Roga secures $1.7 million CAD to reduce stress and burnout with its nerve-stimulating wearable

Neuroscientist and former Google Pixel PM team up to tackle workplace stress with Roga.

Toronto and Los Angeles, Calif.-based neurotech startup Roga has set its sights on reducing intense stress and burnout in a convenient, cost-effective, and discreet way.

The mental healthcare-focused company has secured $1.7 million CAD ($1.2 million USD) in pre-seed funding and support from a slew of healthtech investors to fuel the launch of its next-generation wearable device, which it plans to roll out this fall.

The company is led by a pair of former clinical anxiety disorder patients in Canadian chief scientist Alison Smith, a neuroscientist by training, and CEO Ami Lebendiker, a longtime Google product manager who helped bring its Pixel phones to market. Roga rolled out its first app-connected, wearable over-ear device last year. Since then, the startup has seen some success selling to other companies as a tool for reducing stress among their employee base.

“[Other people] can’t tell that someone is wearing a wearable device to help them to emotionally regulate.”

Given the stigma surrounding mental healthcare, discretion has been a focus for Roga, and this is reflected in its existing offering. “It’s very discreet, and yet very fashionable,” Smith told BetaKit in an exclusive interview. “[Other people] can’t tell that someone is wearing a wearable device to help them to emotionally regulate. It looks like a pair of Apple headphones.”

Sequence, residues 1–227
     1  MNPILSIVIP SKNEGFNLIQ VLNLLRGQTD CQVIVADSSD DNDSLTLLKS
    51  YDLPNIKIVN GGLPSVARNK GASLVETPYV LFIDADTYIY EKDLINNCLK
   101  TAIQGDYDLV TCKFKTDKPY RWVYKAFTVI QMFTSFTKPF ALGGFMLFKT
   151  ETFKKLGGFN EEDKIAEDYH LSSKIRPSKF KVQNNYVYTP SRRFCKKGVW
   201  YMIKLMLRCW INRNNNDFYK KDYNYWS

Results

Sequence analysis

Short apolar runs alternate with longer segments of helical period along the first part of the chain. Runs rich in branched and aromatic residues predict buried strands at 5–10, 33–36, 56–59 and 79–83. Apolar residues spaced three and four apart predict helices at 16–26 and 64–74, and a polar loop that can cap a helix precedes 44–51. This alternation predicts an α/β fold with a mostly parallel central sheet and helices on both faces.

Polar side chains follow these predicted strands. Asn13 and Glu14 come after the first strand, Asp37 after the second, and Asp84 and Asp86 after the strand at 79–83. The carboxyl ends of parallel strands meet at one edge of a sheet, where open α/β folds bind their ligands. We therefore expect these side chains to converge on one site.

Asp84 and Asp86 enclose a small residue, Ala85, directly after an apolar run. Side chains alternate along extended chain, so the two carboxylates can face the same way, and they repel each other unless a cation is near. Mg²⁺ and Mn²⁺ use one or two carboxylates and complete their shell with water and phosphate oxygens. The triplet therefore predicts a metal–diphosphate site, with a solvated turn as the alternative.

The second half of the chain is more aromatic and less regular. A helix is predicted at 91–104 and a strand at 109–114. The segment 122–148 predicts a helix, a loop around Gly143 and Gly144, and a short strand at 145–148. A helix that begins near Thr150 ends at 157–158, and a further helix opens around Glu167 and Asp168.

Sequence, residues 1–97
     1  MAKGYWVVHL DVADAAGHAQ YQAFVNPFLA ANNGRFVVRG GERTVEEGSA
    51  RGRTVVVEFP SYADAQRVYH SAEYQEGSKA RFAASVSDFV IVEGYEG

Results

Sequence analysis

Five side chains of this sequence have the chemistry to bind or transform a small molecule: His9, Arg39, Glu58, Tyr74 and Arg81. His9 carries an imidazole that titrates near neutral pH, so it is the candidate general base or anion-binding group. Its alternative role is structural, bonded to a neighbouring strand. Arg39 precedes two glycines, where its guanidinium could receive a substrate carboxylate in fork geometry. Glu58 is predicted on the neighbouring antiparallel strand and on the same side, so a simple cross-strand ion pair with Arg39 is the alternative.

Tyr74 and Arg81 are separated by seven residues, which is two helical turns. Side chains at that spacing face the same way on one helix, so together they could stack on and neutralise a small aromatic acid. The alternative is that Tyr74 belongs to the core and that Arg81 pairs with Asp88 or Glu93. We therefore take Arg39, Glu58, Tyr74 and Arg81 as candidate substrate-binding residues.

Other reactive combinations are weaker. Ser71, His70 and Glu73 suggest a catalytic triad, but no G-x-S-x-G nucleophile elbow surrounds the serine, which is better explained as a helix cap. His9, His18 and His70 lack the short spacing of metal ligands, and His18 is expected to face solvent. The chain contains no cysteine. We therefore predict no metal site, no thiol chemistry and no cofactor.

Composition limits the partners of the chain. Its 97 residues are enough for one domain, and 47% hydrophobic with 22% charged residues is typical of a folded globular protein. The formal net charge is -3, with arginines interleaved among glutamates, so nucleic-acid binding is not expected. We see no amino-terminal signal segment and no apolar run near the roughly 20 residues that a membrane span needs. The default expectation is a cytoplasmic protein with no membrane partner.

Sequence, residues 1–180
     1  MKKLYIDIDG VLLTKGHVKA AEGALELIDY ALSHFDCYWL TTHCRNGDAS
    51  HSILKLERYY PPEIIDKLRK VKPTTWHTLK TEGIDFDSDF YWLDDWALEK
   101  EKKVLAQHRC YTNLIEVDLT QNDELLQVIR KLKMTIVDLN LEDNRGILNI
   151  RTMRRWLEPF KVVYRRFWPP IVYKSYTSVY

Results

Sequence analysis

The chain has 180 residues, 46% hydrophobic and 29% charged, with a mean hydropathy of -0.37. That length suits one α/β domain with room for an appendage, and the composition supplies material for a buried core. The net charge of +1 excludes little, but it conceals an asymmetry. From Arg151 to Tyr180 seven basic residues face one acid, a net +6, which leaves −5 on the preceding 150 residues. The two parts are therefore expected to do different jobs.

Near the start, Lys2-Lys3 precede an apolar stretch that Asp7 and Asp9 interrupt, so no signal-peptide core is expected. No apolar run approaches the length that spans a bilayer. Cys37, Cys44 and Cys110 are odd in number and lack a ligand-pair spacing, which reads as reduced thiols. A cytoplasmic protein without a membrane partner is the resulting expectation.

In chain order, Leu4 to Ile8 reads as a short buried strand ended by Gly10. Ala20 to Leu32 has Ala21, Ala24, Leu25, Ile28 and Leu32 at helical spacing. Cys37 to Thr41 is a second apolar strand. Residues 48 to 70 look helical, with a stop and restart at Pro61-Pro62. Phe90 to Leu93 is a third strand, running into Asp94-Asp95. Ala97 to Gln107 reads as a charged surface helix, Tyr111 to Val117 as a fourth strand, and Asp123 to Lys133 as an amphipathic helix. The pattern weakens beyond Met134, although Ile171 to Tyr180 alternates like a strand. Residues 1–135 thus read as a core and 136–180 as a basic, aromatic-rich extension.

Roga’s existing wearable, which it is currently selling for $269 USD as a wellness device, delivers “a very specific, low-level, gentle electrical stimulation to the peripheral nerve behind each of the ears” that “sends a feedback signal to the brain to reduce brain activity associated with stress,” Smith claims.

The startup pairs this device with a mobile app that offers accompanying guided meditation sessions generated by artificial intelligence (AI) and analytics to help users monitor their treatment progress. Smith noted that recent advances in AI models have helped make guided meditation more personalized and impactful. “Gone are the days of pre-recorded, guided meditations,” she said. “They’re not specific enough.”

Roga’s pre-seed round, which closed in June and was raised via simple agreement for future equity, marks the company’s first external financing to date. It came from Exceptional Ventures, ODX by On Deck, MindEd Ventures, the AngelList Fund, the Centre for Aging + Brain Health Innovation (CABHI), the Ontario Brain Institute (OBI), The Firehood, and undisclosed angel investors, including senior directors from Samsung and Google. 

The Los Angeles-headquartered startup plans to invest this capital in manufacturing, sales, marketing, and engineering as it puts the final touches on the next iteration of its device and gears up to bring it to market for mass production.

According to Smith, Roga’s approach is backed by science. “The type of stimulation we’re providing has been studied for decades,” she said. “We are the first neurotech company to miniaturize it, but it’s based on many decades of science, and it’s the only type of stimulation recognized from a regulatory standpoint to treat intense stress and anxiety at home.”

Roga’s co-founders include CEO Ami Lebendiker, a former Google Pixel product manager, and chief scientist Alison Smith, a Canadian neuroscientist-turned-neurotech entrepreneur.